In light of the thousands of secret documents and cables released by the whistle-blowing site WikiLeaks in late November, it is clear that Israel is neither alone in its concern over the Iranian government’s budding nuclear weapons program, nor in its desire to see that program destroyed. Western media outlets have consistently harped on deep concerns over the Iranian march toward becoming a nuclear power, however much of the Arab world also feels threatened by Iran and harbor similar, if not more extreme, views towards confronting Iran’s nuclear ambitions.
While most nations in the Arab world continue to state publicly that the Israeli-Palestinian conflict is the greatest threat to the region, the WikiLeaks cables tell a different story. The leaked documents, many of which detail meetings between U.S. diplomats and high-ranking officials in Arab governments, expose how many Arab states in the Middle East feel threatened by the prospect of a nuclear Tehran and are advocating for military action. As Mustafa El-Labbad, director of the Al-Sharq Center for Regional and Strategic Studies in Cairo, notes, WikiLeaks unveiled to the world that “the official stance in the Middle East, led by Saudi Arabia and including Egypt, Jordan, UAE, and Bahrain is that Iran—Israel—poses the main threat to the region.” Read more ..
Africa on Edge
|Martyn Drakard||December 6th 2010|
Cutting Edge Africa Correspondent
In January 2011, the people of southern Sudan are to vote in a referendum whether or not they want a separate country of their own or remain united to the North as one country, now known as Sudan. Will this be the last country in sub-Saharan Africa to gain its independence, exactly 55 years after its first “independence” from a colonial power? For most southern Sudanese, the Khartoum government has treated them as colonial subjects, or worse: abducted into slavery, the region left undeveloped, its resources extracted with little of the profits returning to the South; fierce and cruel civil wars; ensuring the main tribes are kept disunited, little say in power-sharing, massive flight of refugees, and human rights violations.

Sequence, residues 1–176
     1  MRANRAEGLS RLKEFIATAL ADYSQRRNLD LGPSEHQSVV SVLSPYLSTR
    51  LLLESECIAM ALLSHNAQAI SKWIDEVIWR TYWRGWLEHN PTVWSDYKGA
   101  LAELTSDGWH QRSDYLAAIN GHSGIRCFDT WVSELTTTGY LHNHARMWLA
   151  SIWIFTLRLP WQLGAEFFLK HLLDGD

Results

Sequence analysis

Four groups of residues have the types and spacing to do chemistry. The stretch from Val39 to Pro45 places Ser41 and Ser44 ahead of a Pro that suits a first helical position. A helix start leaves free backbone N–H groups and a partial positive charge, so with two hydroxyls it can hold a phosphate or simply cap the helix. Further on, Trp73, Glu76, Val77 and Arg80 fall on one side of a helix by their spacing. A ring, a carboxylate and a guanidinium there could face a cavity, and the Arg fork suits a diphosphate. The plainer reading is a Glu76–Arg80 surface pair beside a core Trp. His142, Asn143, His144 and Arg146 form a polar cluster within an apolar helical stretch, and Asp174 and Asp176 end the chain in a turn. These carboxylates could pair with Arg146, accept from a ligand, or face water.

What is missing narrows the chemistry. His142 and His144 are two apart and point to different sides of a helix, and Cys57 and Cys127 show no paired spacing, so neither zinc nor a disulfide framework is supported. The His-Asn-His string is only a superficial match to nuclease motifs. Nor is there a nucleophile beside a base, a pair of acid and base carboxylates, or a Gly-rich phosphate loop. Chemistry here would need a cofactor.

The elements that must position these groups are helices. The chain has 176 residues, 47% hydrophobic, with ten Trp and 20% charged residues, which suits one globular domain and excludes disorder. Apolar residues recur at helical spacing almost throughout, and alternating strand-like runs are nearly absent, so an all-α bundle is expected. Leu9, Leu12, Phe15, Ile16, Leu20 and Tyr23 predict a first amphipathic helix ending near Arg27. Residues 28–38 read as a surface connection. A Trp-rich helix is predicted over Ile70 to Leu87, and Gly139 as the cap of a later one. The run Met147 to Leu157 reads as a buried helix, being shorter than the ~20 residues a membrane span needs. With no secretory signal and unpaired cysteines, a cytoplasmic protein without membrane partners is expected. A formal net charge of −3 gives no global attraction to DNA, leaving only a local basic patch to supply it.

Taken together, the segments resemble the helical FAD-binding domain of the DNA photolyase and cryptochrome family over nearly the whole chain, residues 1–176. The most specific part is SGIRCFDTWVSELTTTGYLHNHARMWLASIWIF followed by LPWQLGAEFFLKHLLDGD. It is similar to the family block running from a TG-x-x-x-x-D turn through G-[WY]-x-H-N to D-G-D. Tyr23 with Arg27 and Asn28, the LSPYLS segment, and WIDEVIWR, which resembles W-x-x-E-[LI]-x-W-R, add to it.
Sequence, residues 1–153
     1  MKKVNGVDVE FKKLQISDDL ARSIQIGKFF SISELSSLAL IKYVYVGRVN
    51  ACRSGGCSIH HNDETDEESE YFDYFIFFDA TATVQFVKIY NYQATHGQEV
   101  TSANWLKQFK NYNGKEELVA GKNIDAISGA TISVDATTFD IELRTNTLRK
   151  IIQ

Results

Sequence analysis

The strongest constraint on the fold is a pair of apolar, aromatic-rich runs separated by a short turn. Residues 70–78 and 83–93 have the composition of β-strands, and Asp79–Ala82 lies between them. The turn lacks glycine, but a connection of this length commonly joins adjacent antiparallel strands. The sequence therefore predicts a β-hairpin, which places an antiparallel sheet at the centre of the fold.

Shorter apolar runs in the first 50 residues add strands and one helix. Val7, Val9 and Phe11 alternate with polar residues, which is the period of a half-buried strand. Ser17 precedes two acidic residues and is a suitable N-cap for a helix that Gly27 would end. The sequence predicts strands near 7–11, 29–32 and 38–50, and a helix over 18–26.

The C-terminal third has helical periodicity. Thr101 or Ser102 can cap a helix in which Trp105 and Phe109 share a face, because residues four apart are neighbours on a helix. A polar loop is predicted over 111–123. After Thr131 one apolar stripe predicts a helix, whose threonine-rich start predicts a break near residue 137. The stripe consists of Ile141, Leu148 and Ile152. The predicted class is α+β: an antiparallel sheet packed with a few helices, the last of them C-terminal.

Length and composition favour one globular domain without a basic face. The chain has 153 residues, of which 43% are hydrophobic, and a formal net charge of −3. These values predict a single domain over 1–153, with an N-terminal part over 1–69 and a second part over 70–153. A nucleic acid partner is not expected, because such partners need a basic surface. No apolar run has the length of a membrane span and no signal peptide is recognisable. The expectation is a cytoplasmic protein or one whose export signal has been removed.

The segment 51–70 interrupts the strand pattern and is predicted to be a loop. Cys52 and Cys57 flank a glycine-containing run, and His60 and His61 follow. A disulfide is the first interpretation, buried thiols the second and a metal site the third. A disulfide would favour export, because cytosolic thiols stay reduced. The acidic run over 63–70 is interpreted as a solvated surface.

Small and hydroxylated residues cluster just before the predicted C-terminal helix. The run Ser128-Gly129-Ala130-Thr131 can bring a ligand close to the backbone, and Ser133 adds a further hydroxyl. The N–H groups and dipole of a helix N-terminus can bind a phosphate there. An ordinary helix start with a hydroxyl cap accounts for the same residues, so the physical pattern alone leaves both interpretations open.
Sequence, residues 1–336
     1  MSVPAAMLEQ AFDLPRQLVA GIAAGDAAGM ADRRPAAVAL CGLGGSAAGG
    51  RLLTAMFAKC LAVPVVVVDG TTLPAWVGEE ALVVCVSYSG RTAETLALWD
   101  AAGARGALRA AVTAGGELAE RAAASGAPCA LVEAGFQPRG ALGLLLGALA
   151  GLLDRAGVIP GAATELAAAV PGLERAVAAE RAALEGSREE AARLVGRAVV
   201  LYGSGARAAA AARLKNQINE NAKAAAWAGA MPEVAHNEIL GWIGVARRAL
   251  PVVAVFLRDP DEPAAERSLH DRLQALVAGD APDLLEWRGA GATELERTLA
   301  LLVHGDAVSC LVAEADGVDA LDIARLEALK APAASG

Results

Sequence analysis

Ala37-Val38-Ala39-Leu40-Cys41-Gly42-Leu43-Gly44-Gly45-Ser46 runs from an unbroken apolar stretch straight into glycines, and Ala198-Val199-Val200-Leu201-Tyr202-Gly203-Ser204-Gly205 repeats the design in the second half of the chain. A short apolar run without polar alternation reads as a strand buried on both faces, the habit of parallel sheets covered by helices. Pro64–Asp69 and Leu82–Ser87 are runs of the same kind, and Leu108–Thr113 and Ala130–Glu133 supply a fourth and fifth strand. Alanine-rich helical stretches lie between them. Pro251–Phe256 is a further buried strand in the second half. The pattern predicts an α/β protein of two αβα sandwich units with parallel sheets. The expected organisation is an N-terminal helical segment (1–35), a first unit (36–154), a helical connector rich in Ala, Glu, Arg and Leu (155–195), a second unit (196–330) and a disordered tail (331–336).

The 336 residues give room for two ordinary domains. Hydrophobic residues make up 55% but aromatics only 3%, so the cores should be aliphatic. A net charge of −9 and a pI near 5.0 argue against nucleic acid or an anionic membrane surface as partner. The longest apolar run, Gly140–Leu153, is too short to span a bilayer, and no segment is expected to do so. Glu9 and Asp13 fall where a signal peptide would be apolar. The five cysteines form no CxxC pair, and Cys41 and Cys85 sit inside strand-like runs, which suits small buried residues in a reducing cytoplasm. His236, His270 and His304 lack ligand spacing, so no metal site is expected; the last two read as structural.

This year, 2010, about 20 African countries –most of them former French colonies, and Somalia- celebrate their 50th independence anniversary. Within the next three years much of Anglophone Africa would follow suit, with the notable exception of Southern Rhodesia (now Zimbabwe), which declared its own kind of independence, UDI (Unilateral Declaration of Independence) from Britain, under the White rule of Ian Smith, and the country called itself Rhodesia, until Robert Mugabe took over in 1980. South Africa was the last with a majority Black population to become independent in 1994 with Nelson Mandela as president, holding out the hand of reconciliation to its sizable, powerful and educated White minority. Read more ..
Immigration on the Edge
|Robert Valencia||November 29th 2010|
Council on Hemispheric Affairs
In May 2008, a massive immigration raid took place on the Postville, Iowa-based kosher slaughterhouse Agriprocessors, Inc. The result of the raid was the apprehension of nearly 400 people, most of whom originally hailed from a small town in Guatemala called San José Calderas. One of the largest such roundups in the history of U.S. immigration enforcement, the Postville raid led to the shutdown of the facility and the imprisonment of some of the plant’s senior management, constituting a large economic blow to the entire community.
Two years later, the repercussions from the raid are still visible in the Iowa community. Postville Mayor Leigh Rekow acknowledged that the city “is still dealing with some of the negative issues in the past.” In April 2010, Postville’s infamous slaughterhouse took on a new persona; reopening under Canadian ownership, the rebranded “Agri Star” plant now employs 560 people. Read more ..
|David J. Danelo||November 22nd 2010|
Foreign Policy Research Institute
|Mexican naval infantry|
The regional differences in Mexico's drug war make little sense to Americans. Until October 24, when gunmen massacred 14 patients at a Tijuana drug rehab clinic, Baja California, a hotbed of violence in 2009, had started to stabilize during 2010. The Rio Grande, in contrast, has gone from mostly tranquil to normally uncontrolled. Consider the recent story of David and Tiffany Hartley, a married couple, who had moved to the border from Colorado three years earlier for a job in the oil industry. Read more ..